Bottlenose Dolphin Habitat

Bottlenose Dolphin Habitat

Apart from getting some useful facts on the bottlenose dolphin habitat, you will also come to know about some interesting features of this gentle creature of the sea from this article.
The family of oceanic dolphins, the Delphinidae, has the bottlenose dolphin as one of its most popular members. It belongs to the genus Tursiops and according to studies, it has two kinds of species. One is the common bottlenose dolphin, scientifically attributed as Tursiops truncatus, and the other one is the Indo-Pacific bottlenose dolphin, Tursiops aduncus. These dolphins have been studied to possess appreciable intelligence, and for their abilities to perform mimicry, use artificial language, develop object categorization, and self-recognition. All these qualities of these graceful swimmers have earned them the name of the most entertaining and charismatic stars of several aquarium shows. Their friendly behavior is reflected through their curved mouths, which gives the impression of a permanent smile.

Where Do Bottlenose Dolphins Live?

# All temperate and tropical waters of the world are inhibited by the bottlenose dolphin species. Their distribution is mainly found to exist in surface water temperatures of 10°C - 30°C. The dolphins which thrive in the Pacific Ocean, are distributed from northern Japan to Australia, and from Southern California to Chile. The offshore waters of the eastern tropical Pacific are also populated with these marine mammals. During years of unusual warmth, they can be spotted off the California coast, as far north as Monterey.

# Their habitat also comprises the Atlantic Ocean. Here, these creatures thrive from Nova Scotia to Patagonia. Apart from these places, areas stretched from Norway to the extremes of South Africa are also where these dolphins can be seen.

# While the Mediterranean and the Black seas are popular habitat spots for these dolphins. The United States coast from Cape Cod through the Gulf of Mexico has been recorded to be flooded by the most number of these species, thus making these places the prime habitat of these swimmers.

# Speaking of the Indo-Pacific bottlenose dolphins, their population is abundant in the Indian Ocean. Other places which serve as a habitat for them range from Indonesia to Australia to South Africa, the Red Sea, and in the tropical and subtropical waters of the western Pacific.

Bottlenose Dolphin Facts
  • These dolphins make the use of echolocation (method to determine how far an object is by measuring the time of an echo to return after hitting it). With its help, they can detect the location, size and shape of their preys to which they hit their sound signals with. And how do they do that? They produce about 1,000 clicking noises per second. Some kind of fast clicking it is!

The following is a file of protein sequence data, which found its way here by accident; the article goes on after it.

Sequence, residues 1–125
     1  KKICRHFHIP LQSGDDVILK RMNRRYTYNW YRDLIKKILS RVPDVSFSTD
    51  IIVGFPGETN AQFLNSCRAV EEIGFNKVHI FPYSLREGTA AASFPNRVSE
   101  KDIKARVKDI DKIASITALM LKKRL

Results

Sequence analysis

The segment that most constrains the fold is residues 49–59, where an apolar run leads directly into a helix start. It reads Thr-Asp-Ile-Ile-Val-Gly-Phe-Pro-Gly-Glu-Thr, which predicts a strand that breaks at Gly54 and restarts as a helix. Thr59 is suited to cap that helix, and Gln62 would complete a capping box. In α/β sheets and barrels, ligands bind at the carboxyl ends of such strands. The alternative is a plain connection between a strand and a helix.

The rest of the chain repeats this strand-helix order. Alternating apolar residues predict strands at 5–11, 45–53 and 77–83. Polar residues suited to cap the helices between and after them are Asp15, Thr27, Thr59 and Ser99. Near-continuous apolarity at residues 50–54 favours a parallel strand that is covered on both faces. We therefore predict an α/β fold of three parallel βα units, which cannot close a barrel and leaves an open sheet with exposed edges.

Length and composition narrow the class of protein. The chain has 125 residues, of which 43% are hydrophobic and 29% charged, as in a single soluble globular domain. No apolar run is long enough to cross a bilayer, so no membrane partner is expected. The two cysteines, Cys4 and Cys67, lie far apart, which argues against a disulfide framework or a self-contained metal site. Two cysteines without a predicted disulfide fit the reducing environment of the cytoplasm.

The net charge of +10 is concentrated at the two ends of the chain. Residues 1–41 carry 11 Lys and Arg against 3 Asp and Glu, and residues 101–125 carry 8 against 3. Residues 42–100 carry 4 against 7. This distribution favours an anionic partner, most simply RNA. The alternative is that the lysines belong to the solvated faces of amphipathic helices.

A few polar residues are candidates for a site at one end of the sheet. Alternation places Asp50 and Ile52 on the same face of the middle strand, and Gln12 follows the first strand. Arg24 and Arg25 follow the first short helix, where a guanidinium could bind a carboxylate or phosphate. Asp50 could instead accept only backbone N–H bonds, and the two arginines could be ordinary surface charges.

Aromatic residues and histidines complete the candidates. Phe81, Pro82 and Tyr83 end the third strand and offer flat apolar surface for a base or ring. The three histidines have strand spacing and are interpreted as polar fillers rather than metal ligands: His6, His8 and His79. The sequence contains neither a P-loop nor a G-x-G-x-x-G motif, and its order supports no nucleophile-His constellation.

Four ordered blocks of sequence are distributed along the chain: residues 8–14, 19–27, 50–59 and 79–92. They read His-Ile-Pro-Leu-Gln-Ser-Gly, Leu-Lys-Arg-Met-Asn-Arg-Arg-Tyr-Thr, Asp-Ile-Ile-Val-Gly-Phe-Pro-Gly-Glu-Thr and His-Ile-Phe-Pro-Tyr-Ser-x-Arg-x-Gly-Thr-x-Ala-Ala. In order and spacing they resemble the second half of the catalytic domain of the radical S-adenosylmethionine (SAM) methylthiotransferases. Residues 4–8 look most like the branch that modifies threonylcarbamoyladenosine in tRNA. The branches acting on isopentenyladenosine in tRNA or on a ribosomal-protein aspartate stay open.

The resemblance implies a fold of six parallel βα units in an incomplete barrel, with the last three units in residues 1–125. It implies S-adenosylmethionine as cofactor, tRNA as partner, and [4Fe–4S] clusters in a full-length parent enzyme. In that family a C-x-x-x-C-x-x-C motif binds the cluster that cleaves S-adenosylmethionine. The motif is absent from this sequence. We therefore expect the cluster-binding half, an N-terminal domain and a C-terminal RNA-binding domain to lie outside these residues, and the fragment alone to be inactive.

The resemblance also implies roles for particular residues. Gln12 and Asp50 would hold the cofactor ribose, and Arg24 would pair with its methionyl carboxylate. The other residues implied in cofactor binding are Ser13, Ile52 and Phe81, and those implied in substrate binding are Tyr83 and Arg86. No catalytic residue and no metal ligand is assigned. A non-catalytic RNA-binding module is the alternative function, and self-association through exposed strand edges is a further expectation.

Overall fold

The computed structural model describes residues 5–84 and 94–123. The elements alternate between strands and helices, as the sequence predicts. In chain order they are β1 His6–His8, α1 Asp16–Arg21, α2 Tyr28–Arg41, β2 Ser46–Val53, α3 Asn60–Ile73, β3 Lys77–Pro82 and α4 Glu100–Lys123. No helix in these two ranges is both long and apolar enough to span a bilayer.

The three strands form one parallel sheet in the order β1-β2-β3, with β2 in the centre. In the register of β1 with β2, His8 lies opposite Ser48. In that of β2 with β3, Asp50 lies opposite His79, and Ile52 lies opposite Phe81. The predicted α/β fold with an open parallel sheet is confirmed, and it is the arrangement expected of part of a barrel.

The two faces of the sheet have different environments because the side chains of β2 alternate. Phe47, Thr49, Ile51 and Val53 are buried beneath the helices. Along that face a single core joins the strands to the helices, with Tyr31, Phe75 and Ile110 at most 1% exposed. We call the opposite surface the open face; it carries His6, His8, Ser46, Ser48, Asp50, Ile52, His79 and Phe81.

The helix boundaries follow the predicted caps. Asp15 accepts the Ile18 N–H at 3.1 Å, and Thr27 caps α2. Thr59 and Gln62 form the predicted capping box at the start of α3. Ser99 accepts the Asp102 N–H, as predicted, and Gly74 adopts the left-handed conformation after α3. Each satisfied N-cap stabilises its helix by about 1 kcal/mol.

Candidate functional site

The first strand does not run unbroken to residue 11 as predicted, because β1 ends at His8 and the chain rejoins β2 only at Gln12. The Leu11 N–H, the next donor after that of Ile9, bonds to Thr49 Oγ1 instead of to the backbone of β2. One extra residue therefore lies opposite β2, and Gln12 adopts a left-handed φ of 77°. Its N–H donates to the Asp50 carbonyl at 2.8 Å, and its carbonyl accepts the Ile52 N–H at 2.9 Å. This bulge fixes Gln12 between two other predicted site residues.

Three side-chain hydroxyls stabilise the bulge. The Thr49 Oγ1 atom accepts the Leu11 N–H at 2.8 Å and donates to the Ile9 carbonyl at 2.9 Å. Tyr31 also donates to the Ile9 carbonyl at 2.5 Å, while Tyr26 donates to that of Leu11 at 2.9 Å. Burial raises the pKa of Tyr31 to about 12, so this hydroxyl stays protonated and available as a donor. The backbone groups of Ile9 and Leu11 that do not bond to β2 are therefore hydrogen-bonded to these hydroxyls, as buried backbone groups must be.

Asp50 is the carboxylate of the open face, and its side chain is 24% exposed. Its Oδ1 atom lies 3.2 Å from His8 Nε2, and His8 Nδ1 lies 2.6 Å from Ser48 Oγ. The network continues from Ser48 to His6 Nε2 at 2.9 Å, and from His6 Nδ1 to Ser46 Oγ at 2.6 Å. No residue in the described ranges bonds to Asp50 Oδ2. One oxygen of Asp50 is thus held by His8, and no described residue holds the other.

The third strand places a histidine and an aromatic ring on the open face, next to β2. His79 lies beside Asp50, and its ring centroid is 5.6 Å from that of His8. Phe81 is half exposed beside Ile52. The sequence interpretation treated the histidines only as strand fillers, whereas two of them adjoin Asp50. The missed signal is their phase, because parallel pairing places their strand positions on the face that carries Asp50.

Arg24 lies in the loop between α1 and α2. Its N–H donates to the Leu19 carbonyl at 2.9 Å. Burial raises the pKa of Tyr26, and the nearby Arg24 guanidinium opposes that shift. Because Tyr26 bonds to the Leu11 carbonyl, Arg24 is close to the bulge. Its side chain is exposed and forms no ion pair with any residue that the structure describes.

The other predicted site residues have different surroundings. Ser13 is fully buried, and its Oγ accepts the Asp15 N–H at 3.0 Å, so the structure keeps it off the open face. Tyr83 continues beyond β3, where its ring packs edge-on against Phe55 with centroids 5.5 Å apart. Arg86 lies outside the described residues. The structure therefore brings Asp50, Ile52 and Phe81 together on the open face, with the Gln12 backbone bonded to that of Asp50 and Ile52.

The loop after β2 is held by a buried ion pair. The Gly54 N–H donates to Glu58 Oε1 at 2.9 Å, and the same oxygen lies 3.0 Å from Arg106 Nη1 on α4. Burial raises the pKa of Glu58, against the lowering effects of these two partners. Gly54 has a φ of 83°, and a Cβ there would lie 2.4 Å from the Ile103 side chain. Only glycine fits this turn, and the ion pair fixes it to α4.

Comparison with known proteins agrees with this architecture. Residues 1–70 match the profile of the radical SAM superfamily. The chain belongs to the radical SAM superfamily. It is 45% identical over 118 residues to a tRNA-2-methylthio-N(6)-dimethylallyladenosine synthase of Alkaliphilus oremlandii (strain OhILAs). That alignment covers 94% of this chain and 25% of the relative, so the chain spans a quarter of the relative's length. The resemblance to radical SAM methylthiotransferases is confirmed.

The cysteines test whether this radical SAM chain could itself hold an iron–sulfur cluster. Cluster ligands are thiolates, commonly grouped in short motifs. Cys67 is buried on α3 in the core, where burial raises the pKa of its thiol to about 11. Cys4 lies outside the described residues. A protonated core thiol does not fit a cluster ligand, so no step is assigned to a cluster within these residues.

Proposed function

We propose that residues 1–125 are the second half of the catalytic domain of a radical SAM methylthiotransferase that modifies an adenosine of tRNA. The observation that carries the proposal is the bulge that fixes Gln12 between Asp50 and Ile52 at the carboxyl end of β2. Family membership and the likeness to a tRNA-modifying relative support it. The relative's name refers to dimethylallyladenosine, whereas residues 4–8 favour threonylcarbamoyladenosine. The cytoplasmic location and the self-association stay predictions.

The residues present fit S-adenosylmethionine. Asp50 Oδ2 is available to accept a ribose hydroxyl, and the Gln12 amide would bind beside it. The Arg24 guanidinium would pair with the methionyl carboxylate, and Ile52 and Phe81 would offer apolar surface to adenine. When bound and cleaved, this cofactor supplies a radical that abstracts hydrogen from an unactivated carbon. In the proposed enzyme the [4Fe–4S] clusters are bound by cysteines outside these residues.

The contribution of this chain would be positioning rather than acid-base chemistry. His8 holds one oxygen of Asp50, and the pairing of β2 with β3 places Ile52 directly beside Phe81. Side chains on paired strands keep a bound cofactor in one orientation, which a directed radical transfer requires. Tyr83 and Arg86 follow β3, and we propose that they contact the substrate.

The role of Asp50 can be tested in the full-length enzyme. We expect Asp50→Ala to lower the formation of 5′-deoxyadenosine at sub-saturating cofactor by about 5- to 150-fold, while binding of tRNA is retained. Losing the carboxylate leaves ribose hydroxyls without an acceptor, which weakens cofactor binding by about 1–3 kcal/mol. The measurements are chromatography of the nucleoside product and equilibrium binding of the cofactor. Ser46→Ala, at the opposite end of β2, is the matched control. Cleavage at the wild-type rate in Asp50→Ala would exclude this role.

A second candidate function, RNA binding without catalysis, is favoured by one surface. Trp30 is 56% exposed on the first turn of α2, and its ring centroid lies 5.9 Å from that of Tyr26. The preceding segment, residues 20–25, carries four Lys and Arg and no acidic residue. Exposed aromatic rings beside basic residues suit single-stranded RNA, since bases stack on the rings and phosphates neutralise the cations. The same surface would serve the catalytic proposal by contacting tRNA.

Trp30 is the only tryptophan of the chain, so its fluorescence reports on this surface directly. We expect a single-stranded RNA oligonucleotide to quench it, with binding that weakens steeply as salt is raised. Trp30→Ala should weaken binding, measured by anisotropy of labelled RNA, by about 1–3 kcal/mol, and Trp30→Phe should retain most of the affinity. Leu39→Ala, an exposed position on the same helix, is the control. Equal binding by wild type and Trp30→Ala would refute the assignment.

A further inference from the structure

• Another mode of communication for these mammals is leaping as high as 20 feet in the air.
  • They also pass on messages by jaw snapping, or slapping the water surface with their tails.
  • Males tend to be larger in size than females.
  • Being mammals like us, these dolphins cannot breathe under water thus, they must swim to the surface. Blowholes in their heads help them breathe.
  • When left free in the wild waters, these swimmers can travel as fast as 30 km/hr.
  • Bottlenose are also popular due to their social nature to travel, and forage in groups. They have a complex system of communication which comprises squeaks and whistles. This communication system enables them to come to the aid of an injured dolphin, even if it takes them to swim up to the surface of the water.
  • One incident that took place on March 10, 2008, can vouch for the amazing intelligence and helpful nature of these creatures. Two pygmy sperm whales got trapped between a sand bar and Mahia beach, New Zealand. In spite of all the efforts taken by the rescuers, the whales remained trapped. Moko, a male bottlenose dolphin came to the rescue by leading the whales through a narrow channel to the safety of the sea. This incident earned Moko, worldwide fame and popularity.
  • When a baby bottlenose dolphin is born, it comes out tail first. This is to keep it from drowning.
  • The reproduction rate of these creatures is as low as one calf every two to three years.
  • One incident was reported wherein, an Indo-Pacific bottlenose dolphin was found teaching its young how to use tools. In order to protect the babies while foraging, the adult dolphin covered their mouths with sponges. This is a behavior which is typical of humans and other primates.
  • These mammals are poor on smelling but they score significantly well on their hearing capabilities.
And to conclude, although dolphins are known to be friendly, their unpredictability cannot be denied. As everyone else, even they must be treated with respect, and care. It is alright to play with them, but it is also necessary to let them be when they wish to.